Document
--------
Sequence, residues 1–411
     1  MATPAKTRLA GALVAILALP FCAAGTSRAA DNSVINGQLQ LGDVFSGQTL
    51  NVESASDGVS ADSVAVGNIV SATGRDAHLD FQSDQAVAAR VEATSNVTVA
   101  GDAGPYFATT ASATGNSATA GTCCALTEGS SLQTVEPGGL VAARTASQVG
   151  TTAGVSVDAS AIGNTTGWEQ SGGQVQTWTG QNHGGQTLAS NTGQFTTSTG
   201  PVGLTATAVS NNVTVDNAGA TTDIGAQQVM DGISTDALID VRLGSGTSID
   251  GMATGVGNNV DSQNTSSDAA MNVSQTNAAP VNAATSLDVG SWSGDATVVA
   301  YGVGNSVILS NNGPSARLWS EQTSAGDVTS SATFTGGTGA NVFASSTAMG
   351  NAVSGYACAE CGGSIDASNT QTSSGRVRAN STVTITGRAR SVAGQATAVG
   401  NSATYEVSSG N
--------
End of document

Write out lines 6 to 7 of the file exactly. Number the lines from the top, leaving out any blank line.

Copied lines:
   201  PVGLTATAVS NNVTVDNAGA TTDIGAQQVM DGISTDALID VRLGSGTSID
   251  GMATGVGNNV DSQNTSSDAA MNVSQTNAAP VNAATSLDVG SWSGDATVVA